10 Facts which make Sicilian volcanoes unique in the world

10 Facts which make Sicilian volcanoes unique in the world

1. Greek mythology

The ancient Greeks thought that the God of Fire, Hephaestus, lived beneath Aitne (Mt. Etna from the ancient Greek word) . The Titan God Prometheus is said to have stolen fire from Hephaestus’s volcano so he could give it to humans.

2. The most active stratovolcano in the world

The Sicilian volcano Mount Etna is the highest Mediterranean island mountain and the most active stratovolcano in the world. The eruptive history of the volcano can be traced back 500,000 years and at least 2,700 years of this activity has been documented. There are no similar examples in the world!

3. History of Greeks and Romans

The Greeks had identified a second smithy of Hephaestus: an island just north of Sicily which they called Therassía. Perhaps this identification was because of the numerous fumaroles, acting as chimneys of an underground smithy. But although the island is highly volcanic, actual eruptions on Therassia are infrequent, centuries apart. It was no competition for the frequent fires of Etna.

When the Romans decided to identify Vulcanus with Hephaestus, the God of fire, the island also had to change its  name, and in Latin the island became known as Vulcano. Eventually, the name of the island would become the generic term for an erupting mountain.

4. ”Vulcanian” & ”Strombolian”

The words ”Vulcanian” and ”Strombolian” eruptions are used to describe typical eruptions of Vulcano and Stromboli, 2 of the 7 volcanic islands that form the famous archipelago of the Aeolian Islands.

Vulcanian eruptions are a step more violent than the Strombolian type. The magma involved is more viscous than that in Strombolian erupitions, usually the magmas are more silicic (acid). The explosions are larger and louder and the consequences may be far more severe.

Viscose lava flows can rarely occur. Strombolian erupitions can be watched in relative safety, accompanied by a local volcano guide. It is important to remember that many of the fragments ejected by the explosions can be large enough to reach close to the edge of the crater (Pizzo of Stromboli). It is interesting to know that many other volcanoes in the world have activities which are similar to one another.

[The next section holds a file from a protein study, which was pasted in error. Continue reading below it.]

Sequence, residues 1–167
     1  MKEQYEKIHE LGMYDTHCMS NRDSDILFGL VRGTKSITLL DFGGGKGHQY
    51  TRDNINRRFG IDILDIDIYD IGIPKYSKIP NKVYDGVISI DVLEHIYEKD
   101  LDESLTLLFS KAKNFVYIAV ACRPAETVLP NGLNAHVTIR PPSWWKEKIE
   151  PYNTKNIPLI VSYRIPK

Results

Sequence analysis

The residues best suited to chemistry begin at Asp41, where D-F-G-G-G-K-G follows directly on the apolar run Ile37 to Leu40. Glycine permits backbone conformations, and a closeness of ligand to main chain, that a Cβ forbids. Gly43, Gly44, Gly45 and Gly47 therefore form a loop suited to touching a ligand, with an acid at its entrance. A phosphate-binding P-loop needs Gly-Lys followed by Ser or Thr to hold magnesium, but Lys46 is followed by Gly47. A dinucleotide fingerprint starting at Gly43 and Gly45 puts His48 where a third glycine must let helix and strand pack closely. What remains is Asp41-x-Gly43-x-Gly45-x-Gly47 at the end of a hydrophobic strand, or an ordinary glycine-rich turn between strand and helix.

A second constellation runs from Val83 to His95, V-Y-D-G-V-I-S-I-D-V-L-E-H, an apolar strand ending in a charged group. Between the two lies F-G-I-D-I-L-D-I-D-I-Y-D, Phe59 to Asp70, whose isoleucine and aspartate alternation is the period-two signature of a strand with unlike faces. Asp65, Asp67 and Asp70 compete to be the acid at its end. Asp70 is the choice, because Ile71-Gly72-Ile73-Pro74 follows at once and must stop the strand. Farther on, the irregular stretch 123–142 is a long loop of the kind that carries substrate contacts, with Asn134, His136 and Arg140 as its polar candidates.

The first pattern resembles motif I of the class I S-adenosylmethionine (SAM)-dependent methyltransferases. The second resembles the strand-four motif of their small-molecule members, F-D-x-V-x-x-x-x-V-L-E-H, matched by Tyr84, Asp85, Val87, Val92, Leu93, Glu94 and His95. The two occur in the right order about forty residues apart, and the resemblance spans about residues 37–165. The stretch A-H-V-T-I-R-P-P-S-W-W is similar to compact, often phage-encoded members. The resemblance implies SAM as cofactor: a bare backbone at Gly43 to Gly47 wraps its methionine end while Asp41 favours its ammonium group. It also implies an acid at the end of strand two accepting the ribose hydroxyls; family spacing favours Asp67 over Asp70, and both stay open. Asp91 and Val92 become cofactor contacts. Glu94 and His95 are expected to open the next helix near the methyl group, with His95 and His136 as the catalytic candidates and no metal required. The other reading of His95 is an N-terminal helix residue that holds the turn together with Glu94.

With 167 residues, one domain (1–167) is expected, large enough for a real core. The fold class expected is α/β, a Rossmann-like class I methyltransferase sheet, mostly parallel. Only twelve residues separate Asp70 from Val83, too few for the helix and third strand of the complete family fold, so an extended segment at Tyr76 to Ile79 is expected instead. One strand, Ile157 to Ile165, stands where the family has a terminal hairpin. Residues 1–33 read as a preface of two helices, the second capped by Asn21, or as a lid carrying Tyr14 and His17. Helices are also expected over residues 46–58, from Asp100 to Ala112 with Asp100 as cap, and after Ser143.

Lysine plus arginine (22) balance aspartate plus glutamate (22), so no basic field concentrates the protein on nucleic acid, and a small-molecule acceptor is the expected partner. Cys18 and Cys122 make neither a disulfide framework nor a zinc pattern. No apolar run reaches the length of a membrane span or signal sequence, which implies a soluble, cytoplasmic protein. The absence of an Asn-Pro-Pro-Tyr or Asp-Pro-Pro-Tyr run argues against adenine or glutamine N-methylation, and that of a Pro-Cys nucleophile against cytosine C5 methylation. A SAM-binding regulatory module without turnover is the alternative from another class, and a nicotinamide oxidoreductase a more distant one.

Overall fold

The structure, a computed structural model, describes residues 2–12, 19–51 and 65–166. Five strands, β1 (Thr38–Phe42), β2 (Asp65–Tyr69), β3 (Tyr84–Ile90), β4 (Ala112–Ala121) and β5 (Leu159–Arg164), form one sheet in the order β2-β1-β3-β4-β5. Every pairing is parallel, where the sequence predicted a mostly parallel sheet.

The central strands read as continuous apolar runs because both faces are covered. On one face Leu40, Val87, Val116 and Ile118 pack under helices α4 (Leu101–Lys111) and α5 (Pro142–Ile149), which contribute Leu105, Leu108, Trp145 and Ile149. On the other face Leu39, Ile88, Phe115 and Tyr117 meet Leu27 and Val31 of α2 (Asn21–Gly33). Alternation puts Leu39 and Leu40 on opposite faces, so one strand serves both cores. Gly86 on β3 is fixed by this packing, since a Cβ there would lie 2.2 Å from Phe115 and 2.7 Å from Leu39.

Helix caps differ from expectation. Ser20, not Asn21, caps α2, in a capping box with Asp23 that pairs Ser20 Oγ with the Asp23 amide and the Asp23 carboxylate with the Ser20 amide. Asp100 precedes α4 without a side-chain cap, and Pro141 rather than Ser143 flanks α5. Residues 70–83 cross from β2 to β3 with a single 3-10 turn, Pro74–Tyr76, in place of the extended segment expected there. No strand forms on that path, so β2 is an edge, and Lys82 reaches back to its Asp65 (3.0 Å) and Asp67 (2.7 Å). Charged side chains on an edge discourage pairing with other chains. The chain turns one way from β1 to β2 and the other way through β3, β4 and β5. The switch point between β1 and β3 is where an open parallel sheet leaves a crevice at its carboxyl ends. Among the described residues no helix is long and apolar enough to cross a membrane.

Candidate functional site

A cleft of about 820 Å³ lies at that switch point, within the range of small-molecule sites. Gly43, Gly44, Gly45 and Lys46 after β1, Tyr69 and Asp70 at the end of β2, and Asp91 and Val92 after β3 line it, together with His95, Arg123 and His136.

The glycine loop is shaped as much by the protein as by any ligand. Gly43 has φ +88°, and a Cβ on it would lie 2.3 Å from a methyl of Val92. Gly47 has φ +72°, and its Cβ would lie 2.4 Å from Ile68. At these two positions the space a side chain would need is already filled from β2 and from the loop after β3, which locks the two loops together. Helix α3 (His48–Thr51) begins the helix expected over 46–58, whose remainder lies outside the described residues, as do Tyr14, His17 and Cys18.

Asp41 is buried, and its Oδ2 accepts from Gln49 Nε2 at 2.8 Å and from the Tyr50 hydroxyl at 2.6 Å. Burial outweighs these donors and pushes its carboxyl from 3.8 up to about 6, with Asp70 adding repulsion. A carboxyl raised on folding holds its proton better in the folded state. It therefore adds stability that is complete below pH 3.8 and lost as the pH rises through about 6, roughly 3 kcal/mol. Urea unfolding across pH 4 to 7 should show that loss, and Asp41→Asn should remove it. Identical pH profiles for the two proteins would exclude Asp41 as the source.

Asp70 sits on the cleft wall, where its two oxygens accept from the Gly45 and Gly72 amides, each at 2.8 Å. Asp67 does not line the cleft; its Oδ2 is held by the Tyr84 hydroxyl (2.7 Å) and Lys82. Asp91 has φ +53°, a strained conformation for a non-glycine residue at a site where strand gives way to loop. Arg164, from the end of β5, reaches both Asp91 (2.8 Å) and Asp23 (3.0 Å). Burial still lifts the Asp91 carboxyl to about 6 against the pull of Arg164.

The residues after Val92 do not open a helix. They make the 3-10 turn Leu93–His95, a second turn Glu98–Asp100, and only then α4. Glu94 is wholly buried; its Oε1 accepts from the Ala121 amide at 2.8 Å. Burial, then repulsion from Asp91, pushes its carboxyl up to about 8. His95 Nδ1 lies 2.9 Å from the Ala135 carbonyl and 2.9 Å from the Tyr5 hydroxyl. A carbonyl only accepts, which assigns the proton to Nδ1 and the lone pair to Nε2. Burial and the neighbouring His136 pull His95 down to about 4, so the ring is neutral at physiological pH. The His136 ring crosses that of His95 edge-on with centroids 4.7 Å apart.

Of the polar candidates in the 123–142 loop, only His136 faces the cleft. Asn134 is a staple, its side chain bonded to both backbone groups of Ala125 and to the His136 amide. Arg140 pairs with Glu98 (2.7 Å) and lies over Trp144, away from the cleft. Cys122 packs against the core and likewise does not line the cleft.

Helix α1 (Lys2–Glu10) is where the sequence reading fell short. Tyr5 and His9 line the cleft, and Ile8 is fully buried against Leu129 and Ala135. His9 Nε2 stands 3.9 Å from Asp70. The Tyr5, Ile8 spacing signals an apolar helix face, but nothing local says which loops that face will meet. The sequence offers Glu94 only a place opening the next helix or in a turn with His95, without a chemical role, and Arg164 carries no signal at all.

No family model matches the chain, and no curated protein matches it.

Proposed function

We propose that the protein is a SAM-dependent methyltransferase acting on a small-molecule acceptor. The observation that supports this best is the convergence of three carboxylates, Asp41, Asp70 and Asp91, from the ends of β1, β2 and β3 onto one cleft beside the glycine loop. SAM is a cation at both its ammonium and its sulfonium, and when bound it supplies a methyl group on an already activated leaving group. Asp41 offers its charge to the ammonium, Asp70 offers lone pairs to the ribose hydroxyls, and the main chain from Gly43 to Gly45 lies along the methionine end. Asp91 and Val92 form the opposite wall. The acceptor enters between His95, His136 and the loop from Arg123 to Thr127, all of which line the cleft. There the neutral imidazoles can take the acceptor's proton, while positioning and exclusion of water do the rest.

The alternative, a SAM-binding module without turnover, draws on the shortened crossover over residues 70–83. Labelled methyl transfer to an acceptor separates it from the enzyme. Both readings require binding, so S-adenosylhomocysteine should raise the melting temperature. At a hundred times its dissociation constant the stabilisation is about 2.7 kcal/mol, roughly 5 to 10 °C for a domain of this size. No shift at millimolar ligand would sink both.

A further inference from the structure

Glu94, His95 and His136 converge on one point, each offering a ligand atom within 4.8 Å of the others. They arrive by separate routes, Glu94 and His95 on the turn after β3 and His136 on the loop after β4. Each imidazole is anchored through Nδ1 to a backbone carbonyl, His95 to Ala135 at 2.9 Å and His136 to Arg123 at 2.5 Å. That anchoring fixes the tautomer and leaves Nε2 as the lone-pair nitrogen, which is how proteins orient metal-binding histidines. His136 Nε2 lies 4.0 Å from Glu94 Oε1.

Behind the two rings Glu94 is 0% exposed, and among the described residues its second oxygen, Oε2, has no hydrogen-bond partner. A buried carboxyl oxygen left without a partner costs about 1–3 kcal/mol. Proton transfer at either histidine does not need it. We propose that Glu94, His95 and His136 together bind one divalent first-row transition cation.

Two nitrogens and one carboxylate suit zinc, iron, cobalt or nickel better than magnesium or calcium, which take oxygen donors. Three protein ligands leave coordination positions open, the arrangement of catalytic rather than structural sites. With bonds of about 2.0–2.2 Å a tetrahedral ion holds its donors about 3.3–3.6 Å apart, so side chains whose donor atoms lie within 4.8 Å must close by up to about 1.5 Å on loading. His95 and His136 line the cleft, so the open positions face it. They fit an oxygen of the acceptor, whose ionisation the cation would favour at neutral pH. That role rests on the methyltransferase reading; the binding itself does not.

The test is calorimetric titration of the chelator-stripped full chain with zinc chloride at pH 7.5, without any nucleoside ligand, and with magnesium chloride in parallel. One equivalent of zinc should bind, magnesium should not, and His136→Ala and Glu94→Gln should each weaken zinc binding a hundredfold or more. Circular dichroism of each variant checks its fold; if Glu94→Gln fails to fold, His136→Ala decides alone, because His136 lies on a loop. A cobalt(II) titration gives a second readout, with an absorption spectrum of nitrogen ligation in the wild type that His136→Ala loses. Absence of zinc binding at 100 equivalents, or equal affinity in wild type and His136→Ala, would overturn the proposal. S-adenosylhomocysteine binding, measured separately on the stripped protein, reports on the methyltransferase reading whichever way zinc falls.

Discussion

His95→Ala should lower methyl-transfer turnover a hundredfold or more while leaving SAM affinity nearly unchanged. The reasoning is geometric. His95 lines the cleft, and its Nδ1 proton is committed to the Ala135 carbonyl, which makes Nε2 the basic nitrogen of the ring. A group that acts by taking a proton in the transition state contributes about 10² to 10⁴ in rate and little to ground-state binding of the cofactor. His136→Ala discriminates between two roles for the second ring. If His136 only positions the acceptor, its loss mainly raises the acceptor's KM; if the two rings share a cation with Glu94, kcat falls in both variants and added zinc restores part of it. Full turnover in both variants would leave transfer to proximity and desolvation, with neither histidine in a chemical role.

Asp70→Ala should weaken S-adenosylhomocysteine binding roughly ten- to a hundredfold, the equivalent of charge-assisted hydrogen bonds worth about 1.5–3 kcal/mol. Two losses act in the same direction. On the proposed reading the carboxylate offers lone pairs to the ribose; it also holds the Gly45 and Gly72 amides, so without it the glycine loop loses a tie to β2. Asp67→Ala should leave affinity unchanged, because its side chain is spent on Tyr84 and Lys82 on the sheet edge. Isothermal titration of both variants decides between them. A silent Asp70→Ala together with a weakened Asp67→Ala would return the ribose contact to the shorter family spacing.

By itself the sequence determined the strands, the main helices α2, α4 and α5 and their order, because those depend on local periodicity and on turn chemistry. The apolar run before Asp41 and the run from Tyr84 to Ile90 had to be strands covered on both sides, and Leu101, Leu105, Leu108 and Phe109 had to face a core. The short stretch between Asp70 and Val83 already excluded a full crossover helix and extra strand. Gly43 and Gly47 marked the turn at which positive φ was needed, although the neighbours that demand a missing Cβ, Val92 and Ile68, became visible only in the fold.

5.  Italy, the cradle of volcanology

Nowhere else can you find such a fascinating variety of highly active volcanoes concentrated in such a small area,- all easily accessible and full of surprises.

6.  Mount Etna‘s activity is unique!

This exceptional volcanic activity has been documented by humans for at least 2,700 years, making it one of the world’s longest documented records of historical volcanism. … to sum up, Mount Etna is an outstanding example of ongoing geological processes and volcanic landforms.

7.  Etna it is the highest mountain in Italy south of the Alps.

Etna covers an area of 1200 km² (460 square miles) with a basal circumference of 140 km, it has a basic diameter of about 45 Km. All its sides are dotted with secondary (or monogenic) craters. There are more than 200 lava caves, “The Ice Cave“, is undoubtedly the most famous. All around the volcano, there are many quarries where the basaltic rock is extracted, which is used to carry out various  kinds of work by local artisans.

8. DOC wines

The region of Etna is also famous for DOC wines, that are known all over the world.  Sicilian pistachio, which is also famous all over the world, grows only on Etna lava near Bronte. Then blood oranges, which are grown in Sicily as well, have no equals in the world because of the extraordinary weather conditions, hot and sunny during the day, cold and dry during the night.

9. Skiing on volcano

There are a lot of ways to enjoy Mt. Etna, but one of the most surprising is skiing on it, few realize it has ski resorts, too. Skiing on a volcano, with a view of the sea, makes this the most unique experience of skiing in Italy.

10. The Aeolian Islands are a volcanic archipelago

The Aeolian Islands are a volcanic archipelago (Arc) in the Tyrrhenian Sea north of Sicily, named after the Demi-god of the winds Aeolus. The largest island is Lipari, the other islands include Vulcano, Salina, Stromboli, Filicudi, Alicudi and Panarea. But it doesn’t finish there! There are also many submarine volcanoes. The most impressive is Marsili, a large undersea volcano about 175 kilometers (109 mi) south of Naples.

The seamount is about 3,000 m (9,800 feet) tall; its peak and crater are about 450 m below the sea surface.  In the surrounding areas of Marsili basin numerous other seamounts are located, representing the Western and North-Eastern submerged prosecution of the Aeolian Arc: Sisifo, Enarete, Eolo, Lametini, Alcione, Glabro and Palinuro.